Take care of your body with modalities
Take care of your body with modalities (hot and cold treatment) Modality-the use of therapeutic care to treat a physical disorder
The use of a cold pack or ice bath causes vasoconstriction meaning it makes the blood vessels narrow and reduces the flow of warm blood to that area. Cold modalities can help reduce swelling, inflammation and muscle spasms. Next time you experience sharp pain after working out use a cold pack it will numb the pain and reduce the swelling.
The use of a hot pack or warm shower causes vasodilation meaning it widening the blood vessels to allow more warm blood flow to and through that area. Hot modalities can help increase local/full body circulation, relax muscles , relief pain and muscle spasms. Next time you are feeling extra tight or stiff warm that area up with heat. Then preform your warm up stretches.
Way too busy? Try HIIT!
Are you crunched on time and still want to burn fat and build lean muscle?
Try HIIT which stands for High-Intensity Interval Training. HIIT can be performed during cardio or weight lifting. Cardio HIIT is done by going "all out" for X amount of seconds (10-30s) and then walking at a moderate pace for 1-2 minutes. This method is to be repeated for the duration of your cardio session. (Be sure to stretch first)
HIIT performed during weight training is similar to cardio HIIT. The difference is in the recovery time and how the exercise is performed. Instead of taking a 1-2 minute rest between sets, it will be 10 seconds. The workout will be performed in a circuit format with 3-4 exercise.
Dynamic Warm Up
Never lift cold. It’s tempting to, when you are in a hurry, to skip the warm-up and jump straight into a lifting work-out. However, the use of a dynamic warm-up is a safeguard against musculoskeletal injuries. This is due to an increase of blood flow to the skeletal muscles that are being used, which increases their temperature. With the increase in muscle temperature, the body is now ready to perform. Dynamic warm-ups are continues movements that prepares the muscles and joints for a specific activity by increasing body temperature, activating the nervous system, increasing range of motion.
Some movements for a dynamic warm-up may include:
- jumping jacks,
- lunges with a twist,
- high kicks,
- jump squats,
- skipping with low knees
The warm-up session should take anywhere from 5-20 minutes. The time varies depending on activity level, age, and objective. Arm yourself against musculoskeletal injuries.
The "Big Four"
Not sure where to begin your strength training workout? Here is quick and versatile routine that you can add into your workout repertoire.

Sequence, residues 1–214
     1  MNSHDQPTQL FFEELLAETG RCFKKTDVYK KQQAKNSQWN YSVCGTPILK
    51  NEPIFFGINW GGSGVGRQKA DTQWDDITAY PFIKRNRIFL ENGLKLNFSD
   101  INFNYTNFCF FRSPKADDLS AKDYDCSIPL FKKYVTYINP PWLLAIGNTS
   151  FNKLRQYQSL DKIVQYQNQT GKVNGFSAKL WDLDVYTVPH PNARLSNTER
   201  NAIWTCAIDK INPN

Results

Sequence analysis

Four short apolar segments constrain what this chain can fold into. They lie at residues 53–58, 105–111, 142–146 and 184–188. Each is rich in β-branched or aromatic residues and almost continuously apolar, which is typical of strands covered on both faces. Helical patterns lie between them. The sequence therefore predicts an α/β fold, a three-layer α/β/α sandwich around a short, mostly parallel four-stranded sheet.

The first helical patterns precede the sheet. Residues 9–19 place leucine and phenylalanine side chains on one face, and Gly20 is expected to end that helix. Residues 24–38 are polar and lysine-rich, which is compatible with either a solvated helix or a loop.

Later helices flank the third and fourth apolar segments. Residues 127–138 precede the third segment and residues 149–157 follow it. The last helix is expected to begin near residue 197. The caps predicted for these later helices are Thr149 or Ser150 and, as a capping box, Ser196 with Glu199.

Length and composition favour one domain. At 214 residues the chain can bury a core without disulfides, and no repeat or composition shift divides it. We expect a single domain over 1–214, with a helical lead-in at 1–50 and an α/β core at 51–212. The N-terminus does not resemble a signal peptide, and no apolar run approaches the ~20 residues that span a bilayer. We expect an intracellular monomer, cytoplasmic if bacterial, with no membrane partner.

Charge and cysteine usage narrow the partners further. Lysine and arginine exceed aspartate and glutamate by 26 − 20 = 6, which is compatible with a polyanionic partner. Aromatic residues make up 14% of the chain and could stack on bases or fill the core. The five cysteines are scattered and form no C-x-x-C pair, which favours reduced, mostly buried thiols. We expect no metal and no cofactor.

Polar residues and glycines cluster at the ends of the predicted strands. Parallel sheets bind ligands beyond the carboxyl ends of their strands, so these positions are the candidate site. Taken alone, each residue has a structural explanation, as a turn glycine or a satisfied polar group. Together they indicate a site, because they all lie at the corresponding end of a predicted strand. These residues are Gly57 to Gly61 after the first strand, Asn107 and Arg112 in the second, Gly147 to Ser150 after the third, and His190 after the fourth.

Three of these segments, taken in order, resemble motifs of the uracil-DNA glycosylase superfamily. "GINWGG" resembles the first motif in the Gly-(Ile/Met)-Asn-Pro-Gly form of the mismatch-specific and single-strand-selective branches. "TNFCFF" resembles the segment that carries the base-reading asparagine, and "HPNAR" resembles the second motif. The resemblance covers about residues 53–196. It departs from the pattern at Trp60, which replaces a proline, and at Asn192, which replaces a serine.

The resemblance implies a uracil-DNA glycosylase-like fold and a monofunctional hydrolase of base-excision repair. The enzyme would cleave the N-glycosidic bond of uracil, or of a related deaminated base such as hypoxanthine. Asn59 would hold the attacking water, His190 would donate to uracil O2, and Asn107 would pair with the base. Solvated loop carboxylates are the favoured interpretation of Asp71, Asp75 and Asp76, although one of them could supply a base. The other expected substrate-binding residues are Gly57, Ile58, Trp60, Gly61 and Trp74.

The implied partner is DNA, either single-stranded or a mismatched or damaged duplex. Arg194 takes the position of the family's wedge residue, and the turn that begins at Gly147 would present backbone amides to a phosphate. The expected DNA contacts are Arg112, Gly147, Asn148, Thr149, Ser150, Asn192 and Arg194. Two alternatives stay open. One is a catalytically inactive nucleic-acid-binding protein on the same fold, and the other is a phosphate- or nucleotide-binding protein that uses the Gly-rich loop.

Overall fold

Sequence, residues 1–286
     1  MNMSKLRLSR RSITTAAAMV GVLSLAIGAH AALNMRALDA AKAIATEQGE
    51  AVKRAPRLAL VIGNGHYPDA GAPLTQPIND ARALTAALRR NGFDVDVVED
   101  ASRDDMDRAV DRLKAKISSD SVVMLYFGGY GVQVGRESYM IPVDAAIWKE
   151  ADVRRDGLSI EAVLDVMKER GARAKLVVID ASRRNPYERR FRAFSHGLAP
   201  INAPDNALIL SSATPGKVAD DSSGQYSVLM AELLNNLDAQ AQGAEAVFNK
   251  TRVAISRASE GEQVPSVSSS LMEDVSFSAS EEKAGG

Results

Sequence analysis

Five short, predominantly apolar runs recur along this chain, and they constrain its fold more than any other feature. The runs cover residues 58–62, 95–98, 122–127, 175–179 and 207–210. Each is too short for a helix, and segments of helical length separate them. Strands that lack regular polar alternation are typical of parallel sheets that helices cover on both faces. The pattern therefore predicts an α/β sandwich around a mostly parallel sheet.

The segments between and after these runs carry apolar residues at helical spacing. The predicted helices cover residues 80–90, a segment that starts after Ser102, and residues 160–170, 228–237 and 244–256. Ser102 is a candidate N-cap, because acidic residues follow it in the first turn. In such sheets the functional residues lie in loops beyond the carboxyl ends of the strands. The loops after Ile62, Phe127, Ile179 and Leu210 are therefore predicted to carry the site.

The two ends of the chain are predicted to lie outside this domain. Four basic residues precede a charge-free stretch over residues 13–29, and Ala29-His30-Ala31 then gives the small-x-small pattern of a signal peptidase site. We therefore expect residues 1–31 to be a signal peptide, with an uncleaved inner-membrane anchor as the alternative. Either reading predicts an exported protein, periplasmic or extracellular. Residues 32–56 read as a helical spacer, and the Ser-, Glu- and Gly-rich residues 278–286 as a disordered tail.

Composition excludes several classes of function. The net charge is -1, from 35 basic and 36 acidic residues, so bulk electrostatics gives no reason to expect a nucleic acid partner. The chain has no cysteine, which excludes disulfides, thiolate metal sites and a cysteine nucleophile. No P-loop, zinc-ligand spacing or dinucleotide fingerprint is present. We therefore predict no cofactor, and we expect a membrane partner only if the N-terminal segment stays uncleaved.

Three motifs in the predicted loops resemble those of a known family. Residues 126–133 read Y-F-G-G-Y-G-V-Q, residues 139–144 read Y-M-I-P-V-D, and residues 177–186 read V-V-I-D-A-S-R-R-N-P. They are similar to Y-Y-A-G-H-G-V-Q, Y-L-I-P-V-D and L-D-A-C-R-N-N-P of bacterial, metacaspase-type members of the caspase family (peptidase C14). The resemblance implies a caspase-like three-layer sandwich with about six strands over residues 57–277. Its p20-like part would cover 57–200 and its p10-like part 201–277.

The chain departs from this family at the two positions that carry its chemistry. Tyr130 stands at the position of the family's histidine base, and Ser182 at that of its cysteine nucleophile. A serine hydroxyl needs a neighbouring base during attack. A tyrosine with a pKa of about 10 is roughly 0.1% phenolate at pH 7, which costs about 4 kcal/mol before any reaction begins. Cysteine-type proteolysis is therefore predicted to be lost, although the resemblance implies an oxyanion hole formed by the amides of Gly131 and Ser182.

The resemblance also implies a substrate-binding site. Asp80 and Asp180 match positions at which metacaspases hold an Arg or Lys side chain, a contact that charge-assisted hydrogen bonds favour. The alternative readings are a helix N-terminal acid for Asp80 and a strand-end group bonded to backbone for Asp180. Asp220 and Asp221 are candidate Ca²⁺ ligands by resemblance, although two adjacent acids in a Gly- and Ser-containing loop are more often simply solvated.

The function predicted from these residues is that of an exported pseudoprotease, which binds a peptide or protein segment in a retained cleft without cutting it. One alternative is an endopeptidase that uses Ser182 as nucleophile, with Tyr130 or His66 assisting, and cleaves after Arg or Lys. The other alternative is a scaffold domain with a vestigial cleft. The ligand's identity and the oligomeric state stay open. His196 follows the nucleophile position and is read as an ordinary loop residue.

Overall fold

First, warm up. Next, start your workout routine by using one of the “big four” lifts (bench press, deadlift, squat, overhead press) with a barbell. These main lifts are your bread and butter exercises, work your way down to low reps and higher weight.
After completing one of the “big four” do your complimentary lifts. This includes lifts that involve dumbbells, machines and bodyweight for high reps.
Some example routines may include:
- Bench press is your main lift followed by dumbbell bent over row, face pulls, and abdominal strengthening as your complimentary lifts.
- Overhead press is your main lift followed by dumbbell/cable upright rows, weighted/non weighted dips, and pullovers as your complimentary lifts.
- Squats is your main lift followed by weighted/non weighted walking lunges, knee hikes with band, and leg curls as your complimentary lifts.
- Deadlift is your main lift followed by kettle bell/barbell hip thrusters, farmer walks, and hyperextension as your complimentary lifts.
Change it Up
As I have written in previous blogs I truly believe that everyone should strength training during the time change. In other words, when the time falls back in November, you should be in the gym strength training until it springs ahead in March.
If you have been following my advice and you have been strength training since November (or longer), it may be time to change up your program. If you are following the progression and adaptation as explained on the Professional and Personal website, you may be finding it difficult to increase you workload. That mean it is time for a change.
Now I am not a big fan of what is called “Muscle Confusion” (I have enough trouble with mental confusion). I believe you need to allow the muscle to adapt to the stress of strength training. To change the workout every time does not allow for adaptation. However it may be time to make some changes.
Try increasing the resistance and decreasing the number of reps. Or just the opposite; increase the reps and decrease the resistance. I would not recommend doing more than 15 reps. You could also change the angles, try incline or decline press instead of the flat bench; front Squats instead regular; dumbbell curls instead of bar curls, you get the idea. Use the same muscle group, just at a different angle.
The one thing I would not change is the number of sets. The most benefit happens in the first set no matter what the rep/resistance or angle as long as you’re taxing the muscle group to near fatigue. On a scale of 1 to 10, shoot for a 7. No matter how you change your program maintain sound strength training principles and most of all ENJOY!